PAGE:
Dexter appears to have weathered his traumatic incident without injury.
LANESBOROUGH, Mass. — Randy Cormier sent out plea for help over Facebook on Sunday.
More than 40 responded to Brookside Farm to help Dexter, a Belgian draft horse, out of a freezing ditch to safety.
Owners Cormier and Heidi White said they are extremely thankful for the help of the Lanesborough Volunteer Fire Department, the Lanesborough Police Department, Sayers Auto Wrecking, friends and family, and strangers.
"I was overwhelmed, it's just something to be said for small towns and animals," Cormier said.
The two were leaving the farm after a daily feeding when they noticed that Dexter had found himself at the bottom of a rocky brook and was unable to get up. The ditch was so deep that the horse could barely be seen.
"He was down but he didn't seem like he was hurt or anything," Cormier explained.
"He was just laying down in the, it's like a little brook, it's muddy and it is rocky and that's what scared us because it was a lot of rocks so we didn't know if he hit his leg on anything."
The two repeatedly tried to rescue him themselves but soon realized they needed help.
Dexter tips the scales at about 2,500 pounds and, because of his size, getting up expels a lot of energy.
"He tried several different times, it was just me and her there, he tried and tried and we could tell that for some reason he just couldn't catch his ground, he just couldn't stand up," Cormier explained.
"I don't know if it was because it was in a ditch and it was on a hill."
Cormier posted a call for help on his Facebook page reading: "Our horse fell in a ditch and it's just two of us trying to get him up time is of the essence please help if you can!!!!!"
He also called his brother Jerry Cormier and nephew Tyler Cormier, who rushed over. Even with the extra manpower, they were not able to get Dexter out of the ditch and the horse was becoming at risk in the freezing temperatures.
"The biggest thing was he was starting to freeze, he was shivering and we had to get him out of that cold freezing water," Cormier explained. Throughout the incident, he and White attempted to warm the horse with blankets.
When people started showing up in response to the social media post, Cormier said his mind was blown.
"From that, I'm not kidding you I had people start calling right away, I put my phone number on there, people I didn't know, people I knew, people that had been tagged on Facebook saying, 'hey, you know about horses,' or 'You live in Lanesborough,' whatever the thing may be," he said.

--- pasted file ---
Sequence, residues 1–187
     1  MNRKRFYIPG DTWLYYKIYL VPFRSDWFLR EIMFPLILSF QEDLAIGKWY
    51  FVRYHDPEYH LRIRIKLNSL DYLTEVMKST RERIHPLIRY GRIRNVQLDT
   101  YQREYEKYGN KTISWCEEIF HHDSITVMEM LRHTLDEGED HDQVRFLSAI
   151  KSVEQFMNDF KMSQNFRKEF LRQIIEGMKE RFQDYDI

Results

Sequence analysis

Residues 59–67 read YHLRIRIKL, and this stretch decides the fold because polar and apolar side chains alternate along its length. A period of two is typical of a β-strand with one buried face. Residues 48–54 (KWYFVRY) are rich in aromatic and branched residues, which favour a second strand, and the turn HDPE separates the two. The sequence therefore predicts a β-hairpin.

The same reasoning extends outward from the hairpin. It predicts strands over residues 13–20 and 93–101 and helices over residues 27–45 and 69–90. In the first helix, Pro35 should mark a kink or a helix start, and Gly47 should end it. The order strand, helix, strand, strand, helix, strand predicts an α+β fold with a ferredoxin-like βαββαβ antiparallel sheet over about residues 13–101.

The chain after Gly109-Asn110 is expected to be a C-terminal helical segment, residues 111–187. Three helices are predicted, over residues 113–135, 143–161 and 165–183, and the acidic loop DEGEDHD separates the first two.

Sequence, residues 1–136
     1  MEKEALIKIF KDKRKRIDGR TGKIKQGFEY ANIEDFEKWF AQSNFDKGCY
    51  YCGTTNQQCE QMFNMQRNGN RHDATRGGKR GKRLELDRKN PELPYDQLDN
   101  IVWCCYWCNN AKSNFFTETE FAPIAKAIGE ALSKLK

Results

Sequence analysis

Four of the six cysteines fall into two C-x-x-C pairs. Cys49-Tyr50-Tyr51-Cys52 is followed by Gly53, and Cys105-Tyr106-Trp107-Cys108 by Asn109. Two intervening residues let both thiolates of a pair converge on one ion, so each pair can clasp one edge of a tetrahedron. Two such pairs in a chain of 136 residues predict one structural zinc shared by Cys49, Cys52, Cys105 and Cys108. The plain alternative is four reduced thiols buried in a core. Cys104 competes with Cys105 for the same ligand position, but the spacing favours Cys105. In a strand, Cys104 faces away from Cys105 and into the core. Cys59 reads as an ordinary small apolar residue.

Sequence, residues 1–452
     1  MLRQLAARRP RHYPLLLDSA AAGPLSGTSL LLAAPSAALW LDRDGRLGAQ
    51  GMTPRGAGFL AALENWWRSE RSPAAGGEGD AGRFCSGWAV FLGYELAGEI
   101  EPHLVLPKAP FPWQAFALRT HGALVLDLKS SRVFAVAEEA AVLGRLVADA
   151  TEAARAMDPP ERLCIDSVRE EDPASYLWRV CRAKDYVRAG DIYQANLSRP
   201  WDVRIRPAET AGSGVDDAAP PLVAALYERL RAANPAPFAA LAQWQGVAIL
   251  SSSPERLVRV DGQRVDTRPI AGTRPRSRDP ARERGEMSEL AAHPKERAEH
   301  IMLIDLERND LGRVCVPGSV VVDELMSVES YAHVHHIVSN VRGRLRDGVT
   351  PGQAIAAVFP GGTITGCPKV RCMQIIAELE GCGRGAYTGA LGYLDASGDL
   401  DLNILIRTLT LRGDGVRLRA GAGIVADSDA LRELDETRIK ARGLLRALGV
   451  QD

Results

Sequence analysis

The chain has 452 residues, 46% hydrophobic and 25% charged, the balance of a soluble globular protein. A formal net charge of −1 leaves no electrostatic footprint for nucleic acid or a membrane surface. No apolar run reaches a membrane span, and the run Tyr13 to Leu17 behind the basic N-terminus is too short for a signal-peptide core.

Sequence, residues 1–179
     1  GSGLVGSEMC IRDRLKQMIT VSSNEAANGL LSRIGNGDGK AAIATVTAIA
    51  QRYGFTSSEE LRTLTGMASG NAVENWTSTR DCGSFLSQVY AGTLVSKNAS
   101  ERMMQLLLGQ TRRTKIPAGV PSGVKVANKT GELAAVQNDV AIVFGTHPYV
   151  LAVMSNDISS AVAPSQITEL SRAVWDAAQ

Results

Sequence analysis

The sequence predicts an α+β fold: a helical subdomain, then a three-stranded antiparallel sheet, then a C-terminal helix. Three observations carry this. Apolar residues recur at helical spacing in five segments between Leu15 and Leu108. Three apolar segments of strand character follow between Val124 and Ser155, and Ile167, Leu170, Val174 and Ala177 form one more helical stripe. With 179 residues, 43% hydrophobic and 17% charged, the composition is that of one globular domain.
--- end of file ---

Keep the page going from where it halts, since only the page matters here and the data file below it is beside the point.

"But we had people as far as like Windsor and Goshen saying they're on their way, and tons of people from Lanesborough."
All of a sudden dozens of people were there. The town's Fire Department really stepped up to the plate and took control of the situation, he added.
"Many hands make for light work and I appreciate the incredible response," said Fire Chief Jeff Dechaine. "Problems come in all shapes and sizes and it feels good knowing we have a team that gets the job done. We made a lot of people (and one horse) super happy."
Sayers also showed up with a tow truck and between the wrecker, some wide straps from the Fire Department, and about 20 people, Dexter was pulled out.
"Through the efforts of the tow truck, getting him out a little bit, and then literally, we had straps around him, and probably 15 to 20 of us were on one end and another group was holding his legs up on the other end, firemen," Cormier said.
"And we dragged him out onto that embankment up into flat land and five minutes later, he just stood up on his own like nothing had ever happened."
Dexter was down for a total of about two hours. This reportedly shows his strength because horses are normally not supposed to be down for that long.
The couple was stunned by the community outpouring that came from a single Facebook post. Cormier pointed out that the event happened on a Sunday, a day off for many of the people who showed up for the effort.
It was a very emotional day as well.
The couple owns two horses boarded at Brookside Farm, Dexter and Kiki, but Dexter is technically White's horse and Kiki is Cormier's.
He said the horses are family and it was so heartbreaking to see a loved one struggling.
Thankfully, Dexter came out of the incident with no injuries and was chowing down on hay soon after. Cormier has posted regular updates on Facebook that confirmed the horse is in good health and spirits.
To thank the first responders, Cormier and White would like to find a way to raise money for the Fire Department to acquire a proper hoist for moving large animals. This equipment could be useful for the many farms that are located in the county.
"I know how scary it is just being in that situation, and I know that there's so many horse people around here and their animals are their life," Cormier said. "It could happen to anybody."